Editor: "Can you review opening night at Conrad Gallagher's restaurant?"
Me: "Do I live and breathe?"
Conrad Gallagher, erstwhile enfant terrible of Irish haute cuisine, has been M.I.A. from this island for many a year since Peacock Alley collapsed. (Well, I say M.I.A. - I mean, off opening other restaurants abroad, none of which seem to have worked out for him).
His new place, Salon des Saveurs on Aungier Street, has an interesting concept behind it: read the following review I had in Saturday's Irish Independent to find out more. I had less than an hour between coffee and deadline to file, and only a few hundred words, so I'm sure others will add different angles to the experience over the coming weeks.
Two things that I wish I had had the time and room to add to the piece was the fact that 12.5% 'suggested' service charge is automatically added to the bill, even for a table of two. (How is it 'suggested' if it is mandatory?)
That's fine if it's a table of six or more, but I don't like that in smaller groups, especially since Gallagher appears to be aiming for affordability with the price rang of the menu. Coffee and chocolates are a e6.50 add-on too - I only had time for a quick espresso but was charged e6.50 regardless, and no-one offered me chocolate in any way, shape or form to take home. Hmmm....
Here is how the review appeared last Saturday:
REVIEW: SALON DES SAVEURS – Conrad Gallagher’s new restaurant at 16 Aungier Street, Dublin 2
MINIMALISM has never been Conrad Gallagher’s style. The man who was arguably this country’s first celebrity chef – and one of a holy trinity of Irish chefs to win two Michelin stars – has never known how to go quietly into the night.
The group of photographers waiting outside his new Dublin restaurant, Salon des Saveurs, last night were hoping nothing had changed since he left the city several years ago trailing controversy and creditors in his wake. They were rewarded with a snap of Gay Byrne and wife Kathleen wandering in amiably for opening night, and later, a sedate Gallagher coming out to shake hands.
He seems to have tried to keep his reappearance on the Irish dining scene a low-key affair. An advertisement for a head chef for his new venture, Salon des Saveurs, turned up in the inauspicious hiring pages of networking website, gumtree.ie.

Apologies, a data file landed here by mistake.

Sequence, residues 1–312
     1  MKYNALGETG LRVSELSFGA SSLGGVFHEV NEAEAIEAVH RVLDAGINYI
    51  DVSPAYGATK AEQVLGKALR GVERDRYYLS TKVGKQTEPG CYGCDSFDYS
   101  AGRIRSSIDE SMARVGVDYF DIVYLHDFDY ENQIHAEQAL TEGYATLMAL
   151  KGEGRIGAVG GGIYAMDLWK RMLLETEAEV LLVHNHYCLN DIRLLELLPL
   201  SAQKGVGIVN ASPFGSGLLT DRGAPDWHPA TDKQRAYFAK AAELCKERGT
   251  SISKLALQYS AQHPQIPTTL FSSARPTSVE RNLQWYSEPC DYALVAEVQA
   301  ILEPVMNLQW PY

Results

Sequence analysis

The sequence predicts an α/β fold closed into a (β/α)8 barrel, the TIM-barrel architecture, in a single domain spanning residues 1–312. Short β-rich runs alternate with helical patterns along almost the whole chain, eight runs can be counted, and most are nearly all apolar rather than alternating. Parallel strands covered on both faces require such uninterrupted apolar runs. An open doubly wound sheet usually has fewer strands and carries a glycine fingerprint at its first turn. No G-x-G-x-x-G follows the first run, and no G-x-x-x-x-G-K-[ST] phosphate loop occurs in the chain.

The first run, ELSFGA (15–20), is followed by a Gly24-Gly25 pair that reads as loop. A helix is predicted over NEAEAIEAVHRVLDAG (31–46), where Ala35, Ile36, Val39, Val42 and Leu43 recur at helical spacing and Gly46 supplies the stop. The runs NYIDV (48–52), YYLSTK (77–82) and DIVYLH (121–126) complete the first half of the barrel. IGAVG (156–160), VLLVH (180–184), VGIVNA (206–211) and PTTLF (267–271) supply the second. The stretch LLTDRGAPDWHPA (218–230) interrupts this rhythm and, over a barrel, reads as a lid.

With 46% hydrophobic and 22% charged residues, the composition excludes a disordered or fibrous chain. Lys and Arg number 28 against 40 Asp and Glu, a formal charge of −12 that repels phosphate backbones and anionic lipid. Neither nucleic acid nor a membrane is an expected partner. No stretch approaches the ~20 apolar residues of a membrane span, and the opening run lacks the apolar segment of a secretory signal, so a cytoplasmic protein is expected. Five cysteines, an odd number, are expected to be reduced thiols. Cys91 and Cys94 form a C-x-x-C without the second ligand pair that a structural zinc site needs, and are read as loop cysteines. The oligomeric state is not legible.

This understatement - appropriate for staging a comeback in a recession – is reflected in the new dining room. It is situated in the small venue that once housed Darwin’s on shabby-but-not-quite-chic Aungier Street. Inside, the décor is a simple red and white affair, with unfussy tables slotted in around a bar of dark-wood panels and smoky glass.
There is only one painting on the wall – a giant oil of five of the chefs who have most inspired him. Between our table and the next, we identified three – Bocuse, Robuchon and Ducaisse – and the waiting staff, none at all. It makes you wonder why it’s not just hanging over Gallagher’s station in the kitchen if he’s the only one who can appreciate it.
The service is friendly without ever getting intrusive - there were some understandable opening-night jitters involving unruly water jugs and uneven timings between certain courses.
It is the food – as one would expect from the man who introduced Ireland to ‘tall’ food in the 1990s – that is the only immodest feature of the place. It is brazenly good – and excellent value.
Gallagher hasn’t lost his taste for a risk: his concept is to offer four tasting menus to his customers, five courses in each with coffee and chocolates an extra add-on. The menus cost e24, e34, e44, and e54 per person.
I and my guest went for the e34 menu and it didn’t put a foot wrong. Silky pumpkin soup, a perfect risotto with darling little chanterelle mushrooms, asparagus and shredded duck, a ravioli of spiced crab and the pinkest, softest lamb that must surely have died for a higher purpose. The lemon taster dessert plate was not perhaps tart enough in its entirety to be truly refreshing but it was never less than delicious.
Wine is an added extra but glasses and bottles, all reasonable, starting with e6.50 glasses and bottles for e24, are matched with the different courses and menus to cut out the guesswork for wine ignoramuses like myself.
A quibble would be the fact that only one type of menu can be ordered per table, so this is not a place to come if one member of your party has an aversion to seafood and another can’t stand the sight of duck. There will be fisticuffs.